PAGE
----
Darwin did not know about DNA and genetics, or how genes were passed down from generation to generation and selected for. To have our evolution be so driven by viruses embedded in our DNA would have sounded crazy to him. These viruses, in particular retroviruses, have provided yet another tool to investigate ancestral relationships between animals, besides the homologous structures Darwin studied. In fact, Darwin would have expected that organisms that were infected by these viruses would be selected against in nature, as they were less fit, and so died early, meaning they had a lesser chance to reproduce.
I thought that the concept of viruses, specifically retroviruses, playing a beneficial role in an organism’s life was surprising. Reading that retroviruses made it possible for mammals to develop placentas and therefore develop a direct line of nutrition from mother to offspring, and therefore allowing the offspring to develop larger brains was a surprise for me. The idea of the genetic material of harmful viruses incorporating itself into an organism’s genome seems fantastical, even paradoxical. However paradoxical, the remains of these retroviruses make up 8% of our DNA. This incorporation eliminates the threat of retroviruses in organisms, a very different process from an organism’s regular defense, in which harmful molecules are broken down or inhibited. However, this allows the immunity to retroviruses to be passed down to successive generations.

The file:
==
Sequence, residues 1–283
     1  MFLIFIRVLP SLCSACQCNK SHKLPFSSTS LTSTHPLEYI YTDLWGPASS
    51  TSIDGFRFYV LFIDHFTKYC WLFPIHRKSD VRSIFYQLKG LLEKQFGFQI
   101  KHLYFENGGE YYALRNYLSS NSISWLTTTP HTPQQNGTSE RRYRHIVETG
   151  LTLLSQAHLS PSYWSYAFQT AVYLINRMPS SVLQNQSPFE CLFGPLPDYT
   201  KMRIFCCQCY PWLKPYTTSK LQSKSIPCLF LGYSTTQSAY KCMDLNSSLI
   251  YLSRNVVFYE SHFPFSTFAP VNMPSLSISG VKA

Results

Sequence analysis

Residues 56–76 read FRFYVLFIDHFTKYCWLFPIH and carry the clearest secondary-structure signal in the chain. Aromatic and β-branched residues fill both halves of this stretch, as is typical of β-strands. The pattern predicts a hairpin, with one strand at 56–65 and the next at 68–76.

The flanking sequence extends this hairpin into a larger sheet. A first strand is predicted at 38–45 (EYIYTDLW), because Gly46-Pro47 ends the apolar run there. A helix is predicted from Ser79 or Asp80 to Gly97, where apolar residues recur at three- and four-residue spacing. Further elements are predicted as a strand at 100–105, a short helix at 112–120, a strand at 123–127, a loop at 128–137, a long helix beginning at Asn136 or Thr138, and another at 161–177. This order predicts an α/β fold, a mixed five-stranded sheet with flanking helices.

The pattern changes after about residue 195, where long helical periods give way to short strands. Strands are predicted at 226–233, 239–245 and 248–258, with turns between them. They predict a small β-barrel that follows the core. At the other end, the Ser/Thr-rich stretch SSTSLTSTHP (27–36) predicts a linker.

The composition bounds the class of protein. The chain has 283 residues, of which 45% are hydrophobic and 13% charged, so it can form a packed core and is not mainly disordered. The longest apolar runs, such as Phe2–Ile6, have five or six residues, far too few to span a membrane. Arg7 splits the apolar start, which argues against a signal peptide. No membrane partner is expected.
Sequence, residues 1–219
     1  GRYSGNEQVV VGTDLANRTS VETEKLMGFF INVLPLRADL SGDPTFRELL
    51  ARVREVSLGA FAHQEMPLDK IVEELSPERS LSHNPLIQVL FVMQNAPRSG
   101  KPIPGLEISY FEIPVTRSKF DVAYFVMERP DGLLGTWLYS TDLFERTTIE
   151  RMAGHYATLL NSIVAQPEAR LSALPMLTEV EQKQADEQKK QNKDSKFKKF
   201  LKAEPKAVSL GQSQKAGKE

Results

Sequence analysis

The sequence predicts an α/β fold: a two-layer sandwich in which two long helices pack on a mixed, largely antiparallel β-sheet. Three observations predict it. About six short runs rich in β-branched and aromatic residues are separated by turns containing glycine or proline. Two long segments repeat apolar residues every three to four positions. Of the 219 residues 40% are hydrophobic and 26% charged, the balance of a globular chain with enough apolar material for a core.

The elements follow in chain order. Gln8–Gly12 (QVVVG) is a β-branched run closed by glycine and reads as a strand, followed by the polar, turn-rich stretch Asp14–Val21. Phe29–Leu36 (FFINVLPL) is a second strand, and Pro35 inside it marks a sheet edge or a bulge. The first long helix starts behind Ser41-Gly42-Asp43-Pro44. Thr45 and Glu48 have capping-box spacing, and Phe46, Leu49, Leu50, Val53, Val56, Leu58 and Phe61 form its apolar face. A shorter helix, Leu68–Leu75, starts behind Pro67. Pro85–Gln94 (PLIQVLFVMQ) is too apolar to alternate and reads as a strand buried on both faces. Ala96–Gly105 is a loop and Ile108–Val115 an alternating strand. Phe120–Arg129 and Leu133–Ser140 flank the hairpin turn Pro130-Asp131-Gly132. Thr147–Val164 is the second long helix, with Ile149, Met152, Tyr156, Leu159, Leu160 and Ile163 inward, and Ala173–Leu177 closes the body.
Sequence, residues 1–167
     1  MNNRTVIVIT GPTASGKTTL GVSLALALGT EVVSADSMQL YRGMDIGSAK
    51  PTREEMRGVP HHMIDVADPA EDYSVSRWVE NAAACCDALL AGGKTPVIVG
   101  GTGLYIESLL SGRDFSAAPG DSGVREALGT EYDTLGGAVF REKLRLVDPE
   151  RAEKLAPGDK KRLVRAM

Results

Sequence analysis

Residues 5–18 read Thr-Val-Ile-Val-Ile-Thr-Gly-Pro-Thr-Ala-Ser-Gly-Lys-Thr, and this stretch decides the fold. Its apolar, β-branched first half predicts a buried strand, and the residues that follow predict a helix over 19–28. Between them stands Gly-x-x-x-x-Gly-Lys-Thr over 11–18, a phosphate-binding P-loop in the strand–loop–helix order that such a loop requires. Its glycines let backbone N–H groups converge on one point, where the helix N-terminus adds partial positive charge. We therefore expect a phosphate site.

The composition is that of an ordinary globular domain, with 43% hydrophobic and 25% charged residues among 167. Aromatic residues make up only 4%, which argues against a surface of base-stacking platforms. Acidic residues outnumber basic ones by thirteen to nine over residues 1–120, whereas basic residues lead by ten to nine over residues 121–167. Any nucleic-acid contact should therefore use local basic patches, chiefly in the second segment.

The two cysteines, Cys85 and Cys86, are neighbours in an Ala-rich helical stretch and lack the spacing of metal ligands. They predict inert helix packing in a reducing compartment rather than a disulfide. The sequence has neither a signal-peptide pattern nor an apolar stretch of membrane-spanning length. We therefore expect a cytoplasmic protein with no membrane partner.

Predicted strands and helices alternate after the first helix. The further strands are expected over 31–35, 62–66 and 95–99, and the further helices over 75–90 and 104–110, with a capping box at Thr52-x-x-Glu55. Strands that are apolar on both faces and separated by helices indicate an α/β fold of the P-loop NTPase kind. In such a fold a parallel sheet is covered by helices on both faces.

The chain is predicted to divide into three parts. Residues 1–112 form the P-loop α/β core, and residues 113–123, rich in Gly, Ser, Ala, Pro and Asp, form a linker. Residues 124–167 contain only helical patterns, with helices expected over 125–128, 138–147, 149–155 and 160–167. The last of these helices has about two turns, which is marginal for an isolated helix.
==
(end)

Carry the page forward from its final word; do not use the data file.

The article suggests that the pieces of retroviruses found in the DNA of an organism play a significant role in its evolution. An example of this is the development of the placenta, as I mentioned before. Although retroviruses may seem to pose a health risk to the mother and offspring, it was found that mechanisms in the retroviruses actually mirrored those of proteins found in placental cells, which allowed them to fuse together to form a placenta. This information caused me to change my opinions and understanding of viruses. When, before, I viewed them as simply harmful, I now see that retroviruses play a significant role in our own evolution. The study of retroviruses is even indicating some potential treatments to viral diseases like HIV that we can possibly eradicate it in the future.
While I definitely did not think so before reading the article, I see now that there is an advantage to reviving dead viruses for scientific purposes. If scientists can use their records of extinct viruses to recreate and observe them, they can gain new perspectives on how to eliminate them. While resurrecting dead things sounds like something from a science fiction movie, the knowledge gained would prove invaluable to future organisms’ survival. Studying these retroviruses would allow scientists to pinpoint the processes that caused many of them to become extinct, so that we replicate the process.